Now here is taking that raw acceleration data and integrating it to get the velocity change from impact. Notice how the final velocity change is within 1% of the plateau from the PVSS!


Takeaways from pseudo velocity:

  1. It provides 4 metrics in one plot (pseudo velocity, relative displacement, approximate acceleration)
  2. The peak pseudo velocity will approximate the total change in velocity from the impact

What is a Severe Shock?

The energy in a shock event is the area under the curve. Stress is proportional to modal velocity, not g's or acceleration. From equation 16 in Gaberson's paper:

Gaberson modal velocity

We know stress limits for materials and therefore can calculate the maximum velocity for these materials. Here are the maximum velocities for several materials provided by a paper by Gaberson on Shock Severity.

severe velocities shock materials gaberson table

Notice how there is a velocity value for each material at which it starts yielding and some of these approach 100 inches per second (ips) in the case of steel.

In addition to Gaberson and others, we've seen military standards (such as MIL-STD-810E and SMC-TR-06-11) specify shock severity in terms of velocity. In general the 100 inch per second (ips) threshold for pseudo velocity is used in industry as that threshold for defining a "severe" shock. This severity can be summarized in the following rule-of-thumb gauge.

shock severity meter pseudo velocity thresholds

Takeaways of shock severity:

  1. Stress is proportional to modal velocity, not peak acceleration
  2. A peak pseudo velocity of greater than 100 in/s (254 cm/s) is considered severe

Comparison of Events with PVSS

comparison of shock events shown in separate plots

So let's get to the main event and calculate and compare the pseudo velocity comparison of these events, which you can see in a simple and clean single plot.


All of these events are "severe" shocks or greater, surpassing the 100 ips pseudo velocity threshold. But believe it or not, the earthquake is the most severe logging a maximum pseudo velocity of about 1,000 in/s! Yet, the maximum acceleration amplitude in the time domain was 0.3g. Clearly, "max g" or peak acceleration is a misleading way to characterize a shock event. And it shouldn't be all that surprising when we remind ourselves that earthquakes are capable of toppling buildings.

Conclusion & Additional Resources

If there can be two things to take away from this post:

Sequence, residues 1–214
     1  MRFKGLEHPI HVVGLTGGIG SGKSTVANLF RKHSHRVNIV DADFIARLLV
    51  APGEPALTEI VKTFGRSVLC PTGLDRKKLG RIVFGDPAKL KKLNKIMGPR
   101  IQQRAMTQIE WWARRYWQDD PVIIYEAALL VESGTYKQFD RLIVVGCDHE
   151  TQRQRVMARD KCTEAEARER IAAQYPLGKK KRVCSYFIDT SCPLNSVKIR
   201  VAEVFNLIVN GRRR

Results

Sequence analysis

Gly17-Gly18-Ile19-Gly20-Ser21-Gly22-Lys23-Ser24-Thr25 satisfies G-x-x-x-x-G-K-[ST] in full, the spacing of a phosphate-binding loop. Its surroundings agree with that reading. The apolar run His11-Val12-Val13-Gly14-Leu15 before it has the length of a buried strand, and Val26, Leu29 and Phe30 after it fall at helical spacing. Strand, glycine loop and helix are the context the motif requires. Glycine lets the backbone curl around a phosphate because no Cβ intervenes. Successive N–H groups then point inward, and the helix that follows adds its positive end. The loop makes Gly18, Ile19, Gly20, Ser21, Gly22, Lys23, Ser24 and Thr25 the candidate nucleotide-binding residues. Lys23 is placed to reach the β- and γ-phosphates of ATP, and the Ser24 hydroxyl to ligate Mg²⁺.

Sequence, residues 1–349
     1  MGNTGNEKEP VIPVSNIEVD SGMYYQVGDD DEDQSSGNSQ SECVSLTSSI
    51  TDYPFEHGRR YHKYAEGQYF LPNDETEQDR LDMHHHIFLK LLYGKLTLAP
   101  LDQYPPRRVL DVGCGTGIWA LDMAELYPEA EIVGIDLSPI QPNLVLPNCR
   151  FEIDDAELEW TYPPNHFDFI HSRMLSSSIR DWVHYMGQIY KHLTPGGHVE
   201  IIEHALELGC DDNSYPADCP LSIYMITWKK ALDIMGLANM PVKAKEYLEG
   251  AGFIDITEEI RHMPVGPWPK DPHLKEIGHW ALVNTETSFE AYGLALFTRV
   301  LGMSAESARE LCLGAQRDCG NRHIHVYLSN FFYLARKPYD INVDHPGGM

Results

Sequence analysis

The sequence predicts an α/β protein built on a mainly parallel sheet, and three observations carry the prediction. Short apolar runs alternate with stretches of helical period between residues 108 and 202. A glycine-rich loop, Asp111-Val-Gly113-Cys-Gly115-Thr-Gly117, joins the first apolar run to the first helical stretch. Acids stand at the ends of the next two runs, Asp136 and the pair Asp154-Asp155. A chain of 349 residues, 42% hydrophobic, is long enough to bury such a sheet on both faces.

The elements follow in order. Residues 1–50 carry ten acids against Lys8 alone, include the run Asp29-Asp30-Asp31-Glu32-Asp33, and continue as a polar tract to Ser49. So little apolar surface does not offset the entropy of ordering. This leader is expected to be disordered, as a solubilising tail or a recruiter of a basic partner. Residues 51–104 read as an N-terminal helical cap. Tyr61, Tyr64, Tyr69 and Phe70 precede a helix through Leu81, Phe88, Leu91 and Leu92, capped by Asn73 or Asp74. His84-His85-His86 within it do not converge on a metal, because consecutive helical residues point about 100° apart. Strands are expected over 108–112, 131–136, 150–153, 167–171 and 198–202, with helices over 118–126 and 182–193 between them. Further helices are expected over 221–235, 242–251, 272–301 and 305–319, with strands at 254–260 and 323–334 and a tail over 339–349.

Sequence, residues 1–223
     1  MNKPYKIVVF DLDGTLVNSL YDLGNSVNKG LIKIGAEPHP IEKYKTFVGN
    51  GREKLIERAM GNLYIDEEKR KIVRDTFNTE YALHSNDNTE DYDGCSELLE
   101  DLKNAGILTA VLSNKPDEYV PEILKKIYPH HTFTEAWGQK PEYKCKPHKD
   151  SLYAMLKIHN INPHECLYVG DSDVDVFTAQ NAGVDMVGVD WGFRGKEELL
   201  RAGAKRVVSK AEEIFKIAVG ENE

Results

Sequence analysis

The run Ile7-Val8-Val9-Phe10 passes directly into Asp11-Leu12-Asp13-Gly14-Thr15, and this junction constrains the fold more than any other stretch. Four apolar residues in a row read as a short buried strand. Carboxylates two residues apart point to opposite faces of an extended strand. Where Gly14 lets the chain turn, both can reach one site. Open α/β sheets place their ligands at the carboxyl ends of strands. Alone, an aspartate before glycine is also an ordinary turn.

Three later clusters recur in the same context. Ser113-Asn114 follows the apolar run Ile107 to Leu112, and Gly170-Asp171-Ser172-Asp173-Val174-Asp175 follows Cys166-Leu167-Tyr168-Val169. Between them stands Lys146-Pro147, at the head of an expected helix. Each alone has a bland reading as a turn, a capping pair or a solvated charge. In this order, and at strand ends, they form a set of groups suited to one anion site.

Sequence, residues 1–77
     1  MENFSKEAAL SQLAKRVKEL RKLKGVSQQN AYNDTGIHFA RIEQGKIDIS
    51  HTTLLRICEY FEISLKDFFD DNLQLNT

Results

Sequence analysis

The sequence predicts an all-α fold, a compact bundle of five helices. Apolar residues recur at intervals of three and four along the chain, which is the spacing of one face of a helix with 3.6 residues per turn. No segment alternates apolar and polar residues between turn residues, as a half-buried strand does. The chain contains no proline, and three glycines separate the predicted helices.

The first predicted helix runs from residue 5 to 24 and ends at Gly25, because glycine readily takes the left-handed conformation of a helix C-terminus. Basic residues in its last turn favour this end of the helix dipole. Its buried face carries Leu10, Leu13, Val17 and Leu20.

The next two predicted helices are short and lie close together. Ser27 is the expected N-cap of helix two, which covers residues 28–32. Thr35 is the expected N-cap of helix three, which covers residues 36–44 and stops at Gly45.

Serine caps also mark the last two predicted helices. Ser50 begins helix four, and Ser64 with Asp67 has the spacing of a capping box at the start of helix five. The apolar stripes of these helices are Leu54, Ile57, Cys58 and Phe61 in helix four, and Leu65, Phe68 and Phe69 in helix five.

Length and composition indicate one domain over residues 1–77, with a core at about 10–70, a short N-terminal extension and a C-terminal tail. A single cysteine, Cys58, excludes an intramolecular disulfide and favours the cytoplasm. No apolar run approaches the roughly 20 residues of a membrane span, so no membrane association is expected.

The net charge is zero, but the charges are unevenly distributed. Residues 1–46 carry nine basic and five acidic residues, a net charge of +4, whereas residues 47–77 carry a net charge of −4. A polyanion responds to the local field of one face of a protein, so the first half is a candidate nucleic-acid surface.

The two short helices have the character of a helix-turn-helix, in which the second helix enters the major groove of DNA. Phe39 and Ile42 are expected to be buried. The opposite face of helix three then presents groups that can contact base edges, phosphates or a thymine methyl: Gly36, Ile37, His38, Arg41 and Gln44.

1. Characterizing a shock analysis based on the peak acceleration value is effectively useless and misleading
  2. Pseudo velocity is a much more effective metric to characterize a shock event, especially with the full shock response spectrum

Expanding upon why pseudo velocity is the best!  There are a few advantages:

  • Proportional to dynamic stress which in effect measures severity
  • Maximum pseudo velocity is the impact velocity or velocity change that took place during the shock (which is why there is often a plateau)
  • Easy to calculate and approximates the relative velocity which isn't easy to calculate
  • More condensed view compared to acceleration SRS or relative displacement SRS
  • Can infer the acceleration SRS and displacement SRS from the one plot of pseudo velocity shock spectrum (PVSS)

But don't just take me at my word, download the data used in this post or go measure your own data and do your own analysis!

Please don’t hesitate to leave a comment or contact us directly with any questions you may have on this topic or others. We are here to help you with all your testing needs!

Related Posts:

For more on this topic, visit our dedicated Shock & Impact Sensors and Loggers resource page. There you’ll find more blog posts, case studies, webinars, software, and products focused on your shock testing and analysis needs.

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Steve Hanly

Steve is the Vice President of Product at Mide (enDAQ is a product line from Mide). He started out at Mide as a Mechanical Engineer in 2010. He enjoys interfacing with other engineers by sharing and developing tools and knowledge to help solve challenging engineering problems. Outside of work, he likes to spend time with his wife, three kids, and a dog in...